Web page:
1. Field of the invention

The invention concerns a system for obstacle warning in railborne traffic.

2. Related Art of the Invention

In the operation of transportation systems there exists, independent of the respective technological form of transport, the need that the structural clearance predetermined dynamically by the movement of the vehicle be maintained free of those obstacles that have a composition sufficient to represent a potential endangerment of the vehicle operation per se or, as the case may be, the safety of the operations (that is the safety of passengers, operating personnel and third parties).

In particular in railborne traffic, where on the one hand a circumnavigation of obstacles is as a rule impossible and, on the other hand, it is more difficult, due to the long braking distance, to bring the vehicle to a stop ahead of the obstacle, this task is of particular importance.

The task is even greater for rail traffic with high-speed (wheel-rail-systems such as, for example, TGV, ICE; magnetic levitation tracks, in particular Transrapid):

    • The braking distance is substantially longer due to the high-speed, that is, preceding obstacles must already be recognized far in advance, in order to enable a timely braking.
    • The detection of obstacles is substantially more difficult for humans due to the dynamics of the process in high speed travel. Also, the reaction time following a recognition is orders or magnitude longer in comparison to a technological system.
    • The consequences of a collision with an obstacle at higher speeds are substantially more serious, in particular also the endangerment of third parties by parts thrown from the location of the collision, in particular in high density populated regions.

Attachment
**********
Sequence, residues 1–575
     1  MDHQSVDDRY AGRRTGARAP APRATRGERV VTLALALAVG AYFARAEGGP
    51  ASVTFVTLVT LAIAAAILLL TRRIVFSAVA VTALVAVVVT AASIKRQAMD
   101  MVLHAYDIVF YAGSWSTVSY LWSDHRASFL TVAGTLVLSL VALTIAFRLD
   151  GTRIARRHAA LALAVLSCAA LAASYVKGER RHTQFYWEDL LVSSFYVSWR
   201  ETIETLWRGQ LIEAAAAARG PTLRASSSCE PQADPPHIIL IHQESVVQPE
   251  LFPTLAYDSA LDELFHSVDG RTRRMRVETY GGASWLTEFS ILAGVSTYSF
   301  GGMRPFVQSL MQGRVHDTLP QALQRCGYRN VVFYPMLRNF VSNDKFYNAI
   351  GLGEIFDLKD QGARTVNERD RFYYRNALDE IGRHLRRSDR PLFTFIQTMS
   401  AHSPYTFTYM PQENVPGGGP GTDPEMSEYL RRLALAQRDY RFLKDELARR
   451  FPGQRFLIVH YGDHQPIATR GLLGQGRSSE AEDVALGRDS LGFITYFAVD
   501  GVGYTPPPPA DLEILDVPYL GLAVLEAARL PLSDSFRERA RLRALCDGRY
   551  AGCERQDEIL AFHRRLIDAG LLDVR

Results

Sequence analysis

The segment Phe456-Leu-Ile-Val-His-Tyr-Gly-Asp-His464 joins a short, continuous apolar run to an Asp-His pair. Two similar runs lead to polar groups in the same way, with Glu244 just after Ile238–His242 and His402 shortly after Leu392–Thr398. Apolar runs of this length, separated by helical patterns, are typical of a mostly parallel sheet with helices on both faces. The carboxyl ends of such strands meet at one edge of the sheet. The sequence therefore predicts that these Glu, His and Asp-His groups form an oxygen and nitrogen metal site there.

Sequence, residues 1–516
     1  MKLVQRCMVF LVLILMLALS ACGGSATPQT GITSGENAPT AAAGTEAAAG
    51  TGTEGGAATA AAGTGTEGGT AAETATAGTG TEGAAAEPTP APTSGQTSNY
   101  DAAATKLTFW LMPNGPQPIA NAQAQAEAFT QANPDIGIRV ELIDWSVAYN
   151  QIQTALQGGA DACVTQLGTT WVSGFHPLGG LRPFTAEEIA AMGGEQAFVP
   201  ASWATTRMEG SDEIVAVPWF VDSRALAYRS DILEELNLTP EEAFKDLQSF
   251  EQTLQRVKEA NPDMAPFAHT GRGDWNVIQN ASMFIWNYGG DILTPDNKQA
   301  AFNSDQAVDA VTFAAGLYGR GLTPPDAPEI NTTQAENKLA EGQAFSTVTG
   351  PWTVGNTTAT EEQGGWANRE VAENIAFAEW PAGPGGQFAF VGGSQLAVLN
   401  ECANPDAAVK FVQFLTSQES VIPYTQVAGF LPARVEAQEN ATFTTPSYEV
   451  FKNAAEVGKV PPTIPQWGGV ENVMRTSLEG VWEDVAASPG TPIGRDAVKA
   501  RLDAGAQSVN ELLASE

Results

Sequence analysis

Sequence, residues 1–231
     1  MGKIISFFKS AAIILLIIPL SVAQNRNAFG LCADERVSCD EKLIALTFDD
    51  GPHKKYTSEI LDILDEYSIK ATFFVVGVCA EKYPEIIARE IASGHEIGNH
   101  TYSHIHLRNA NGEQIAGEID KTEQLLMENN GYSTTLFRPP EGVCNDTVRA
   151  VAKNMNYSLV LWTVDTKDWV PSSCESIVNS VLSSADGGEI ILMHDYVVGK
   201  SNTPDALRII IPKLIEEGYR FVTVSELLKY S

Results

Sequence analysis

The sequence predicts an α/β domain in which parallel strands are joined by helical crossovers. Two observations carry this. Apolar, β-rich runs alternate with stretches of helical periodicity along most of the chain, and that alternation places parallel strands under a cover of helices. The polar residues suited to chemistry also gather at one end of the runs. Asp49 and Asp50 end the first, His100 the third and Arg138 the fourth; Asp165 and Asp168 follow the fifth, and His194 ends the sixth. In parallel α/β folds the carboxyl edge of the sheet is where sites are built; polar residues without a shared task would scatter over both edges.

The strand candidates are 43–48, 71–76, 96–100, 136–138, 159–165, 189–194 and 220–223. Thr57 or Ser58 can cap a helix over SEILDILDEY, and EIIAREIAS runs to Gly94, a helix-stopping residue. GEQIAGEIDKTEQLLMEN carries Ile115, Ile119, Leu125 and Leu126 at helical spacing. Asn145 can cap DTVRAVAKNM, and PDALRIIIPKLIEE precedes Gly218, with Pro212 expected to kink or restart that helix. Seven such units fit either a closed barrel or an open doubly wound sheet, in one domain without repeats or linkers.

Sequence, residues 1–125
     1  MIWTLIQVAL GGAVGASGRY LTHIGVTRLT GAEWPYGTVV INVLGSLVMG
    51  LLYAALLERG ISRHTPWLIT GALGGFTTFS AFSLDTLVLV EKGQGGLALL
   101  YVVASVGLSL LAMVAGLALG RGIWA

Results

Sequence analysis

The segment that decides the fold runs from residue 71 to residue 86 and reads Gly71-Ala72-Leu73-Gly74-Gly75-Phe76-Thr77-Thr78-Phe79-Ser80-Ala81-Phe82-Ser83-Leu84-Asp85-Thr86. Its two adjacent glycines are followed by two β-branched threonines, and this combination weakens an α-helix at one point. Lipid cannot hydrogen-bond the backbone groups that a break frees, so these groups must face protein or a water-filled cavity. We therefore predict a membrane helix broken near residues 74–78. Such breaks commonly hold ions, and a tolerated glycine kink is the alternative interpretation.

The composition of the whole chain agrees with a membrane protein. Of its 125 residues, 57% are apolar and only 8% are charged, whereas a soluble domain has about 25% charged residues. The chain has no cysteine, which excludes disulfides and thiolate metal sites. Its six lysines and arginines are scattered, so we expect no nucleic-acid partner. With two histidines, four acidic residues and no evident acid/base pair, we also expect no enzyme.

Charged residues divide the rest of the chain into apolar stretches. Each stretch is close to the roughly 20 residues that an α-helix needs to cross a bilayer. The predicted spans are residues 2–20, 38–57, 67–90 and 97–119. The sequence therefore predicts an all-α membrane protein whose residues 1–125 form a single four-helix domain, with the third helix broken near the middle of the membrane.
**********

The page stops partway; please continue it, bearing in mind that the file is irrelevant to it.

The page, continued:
Thus, for such systems, as a rule, prophylactic measures such as, for example, the erection of barriers and other such limitations on access are put into place. The risks remaining after such measures, which always include such dangers such as sabotage, terror, vandalism, accidents on adjacent tracks, etc., could be further minimized, if it were possible to recognize potential dangerous obstacles in time. On the basis of this information the respective endangered vehicle could be brought to stop in good time ahead of the obstacle or, as the case may be, traffic on the affected rails could be suspended for such a period of time until the obstacle could be removed.

The recognition and avoidance of ahead-lying obstacles by means of a vehicle mounted forward viewing sensor is hardly realizable or, as the case may be, economically too expensive for railborne high-speed transport systems due to the dynamics of the process.

Beyond this, U.S. Pat. No. 6,417,765 discloses a rail borne sensor carrier, which travels a sufficient distance ahead of the railborne vehicle in order to be able to warn the vehicle in a timely manner of ahead-lying obstacles. A system of this type is likewise associated with high technical complexity and expense.


It is thus the task of the present invention to provide a suitable low cost and therewith economically realizable system for obstacle warning for application to high-speed transport systems. This task is solved with the subject matter of claim 1. Advantageous embodiments are the subject matter of the dependent claims.